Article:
Mystics playing in the Entertainment and Sports Arena Credit: Kelyn Soong

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Over the past week, Washington Mystics players have made their feelings clear about the new arena in Congress Heights.

The 4,200-capacity Entertainment and Sports Arena holds a fraction of the fans their old home did; Capital One Arena has more than 20,000 seats. But Mystics players say this smaller venue will finally give them the home court advantage that other teams in their league have. Plus, they don’t have to share the space with an NBA or NHL team.

When the moment finally came on Saturday, June 1, during the team’s home opener, it exceeded several players’ expectations. Many of the fans also praised the move.

“It was amazing,” says forward Elena Delle Donne. “The energy that we had all through playoffs, I feel like we kinda picked back up where we left off. The fans were electric. They gave us so much energy, just gave us that extra boost. It was so much fun playing here. This is home already.”

The crowd on Saturday included Wizards star Bradley Beal, who sat in courtside seats with his partner, Kamiah Adams, former Capitals coach Barry Trotz, and Delle Donne’s father, Ernest, who at 6-foot-6 could barely fit into his seat.

“He’s too big. He should have to buy two seats,” Delle Donne jokes.

While the final box score shows that the game was officially a sell out, there were pockets of empty seats throughout the stadium. But the players didn’t seem to care.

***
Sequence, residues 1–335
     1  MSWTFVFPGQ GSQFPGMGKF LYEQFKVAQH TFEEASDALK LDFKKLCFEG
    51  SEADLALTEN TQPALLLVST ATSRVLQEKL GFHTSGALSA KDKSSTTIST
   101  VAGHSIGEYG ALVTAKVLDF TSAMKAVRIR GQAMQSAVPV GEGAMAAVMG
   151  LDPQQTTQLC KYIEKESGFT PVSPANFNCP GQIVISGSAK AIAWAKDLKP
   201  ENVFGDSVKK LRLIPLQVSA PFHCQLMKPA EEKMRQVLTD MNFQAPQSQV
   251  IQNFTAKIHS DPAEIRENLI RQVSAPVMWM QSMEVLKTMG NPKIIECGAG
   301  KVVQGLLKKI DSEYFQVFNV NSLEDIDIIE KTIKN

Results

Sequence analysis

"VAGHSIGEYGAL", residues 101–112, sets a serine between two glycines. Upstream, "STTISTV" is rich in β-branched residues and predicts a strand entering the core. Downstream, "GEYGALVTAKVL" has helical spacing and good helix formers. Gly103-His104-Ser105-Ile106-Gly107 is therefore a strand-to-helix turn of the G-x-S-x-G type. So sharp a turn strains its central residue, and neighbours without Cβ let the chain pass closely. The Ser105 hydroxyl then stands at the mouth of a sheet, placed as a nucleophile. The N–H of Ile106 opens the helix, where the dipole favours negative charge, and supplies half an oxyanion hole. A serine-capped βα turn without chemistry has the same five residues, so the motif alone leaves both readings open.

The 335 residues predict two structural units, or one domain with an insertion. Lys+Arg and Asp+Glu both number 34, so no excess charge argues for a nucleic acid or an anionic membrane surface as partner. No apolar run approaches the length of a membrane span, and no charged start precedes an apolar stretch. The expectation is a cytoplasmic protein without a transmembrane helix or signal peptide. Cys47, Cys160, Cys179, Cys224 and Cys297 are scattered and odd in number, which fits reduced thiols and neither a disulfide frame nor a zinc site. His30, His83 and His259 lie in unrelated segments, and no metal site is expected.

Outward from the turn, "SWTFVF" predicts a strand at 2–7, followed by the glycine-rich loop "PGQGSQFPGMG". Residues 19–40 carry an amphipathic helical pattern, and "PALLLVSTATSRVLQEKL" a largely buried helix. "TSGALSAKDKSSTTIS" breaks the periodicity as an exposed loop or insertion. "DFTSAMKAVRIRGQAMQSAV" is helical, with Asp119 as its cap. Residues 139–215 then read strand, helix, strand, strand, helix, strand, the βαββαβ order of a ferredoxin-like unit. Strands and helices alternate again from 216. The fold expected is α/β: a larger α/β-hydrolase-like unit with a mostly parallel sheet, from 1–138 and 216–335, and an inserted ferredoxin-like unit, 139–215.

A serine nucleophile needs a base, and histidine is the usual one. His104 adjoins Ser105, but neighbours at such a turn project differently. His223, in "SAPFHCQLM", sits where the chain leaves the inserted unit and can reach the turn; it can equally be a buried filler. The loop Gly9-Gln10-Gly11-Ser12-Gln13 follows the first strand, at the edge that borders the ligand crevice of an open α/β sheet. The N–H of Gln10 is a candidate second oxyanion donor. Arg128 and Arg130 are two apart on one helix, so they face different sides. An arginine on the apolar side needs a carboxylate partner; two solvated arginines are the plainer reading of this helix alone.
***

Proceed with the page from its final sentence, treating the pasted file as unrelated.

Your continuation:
“It’s so close and you really hear them, and it looks full too,” says forward Emma Meesseman, who leaves next week to play for the Belgium national team. “I think that’s a big difference. It’s probably a lot of fans in Capital One Arena, but still it didn’t look like it. If we play every play every game like this, it’s really, really going to be a home court advantage.”

“I’m kinda bummed that I have to leave soon,” she adds.

Fans also took the move from downtown D.C. to Congress Heights in stride.

Carolyn Bobb, a Wizards season ticket holder from Takoma Park, attended several Mystics games last year with her husband and 11-year-old son. She’s been to the new arena to watch the Capital City Go-Go, the Wizards’ G-League affiliate, and is heartened by the support she saw at the home opener.

“It’s loud,” she says. “There’s 3,000, 4,000 people. It was pretty emotional to see all these people … The vibe, the energy, you’re so close. They definitely have a home court advantage.”

Shanika Kelley agrees. This is her first year as a Mystics season ticket holder, and she got them partially because the new arena is closer to her home in Clinton. Her seats were directly behind where Beal was sitting.

“It’s loud,” Kelley says. “You can actually hear the swoosh.”

But some fans will need time to get adjusted to the smaller, more intimate atmosphere after the team spent two decades in the venue now known as Capital One.

Leon Dunbar of Waldorf has been a fan for most of those years. During the game, he kept looking up at the ceiling in search of a scoreboard that wasn’t there. He says the arena reminded him of a high school gym.

“It’s something I have to get used to,” he says. “During the playoffs [last season], they had to play at George Washington, George Mason. It took away the home court advantage … It feels like the women are always the ones getting ousted.”

But in this case, the players didn’t mind being moved. The nearly full stadium rocked from the moment the players were introduced until the fans gave the team a standing ovation during the closing seconds of the Mystics’ 96-75 victory over the Atlanta Dream.

“To come in and feel that energy and that atmosphere and to have a crowd that can affect foul shots. Just on the foul shots, I was like, ‘Holy Jesus, y’all are loud, y’all are in it.’ And that makes a wonderful difference,” says guard Natasha Cloud. “We don’t even need to create our own energy because our fans do that for us. So that definitely by far exceeded my expectations.”

Elizabeth Tuten contributed to this report.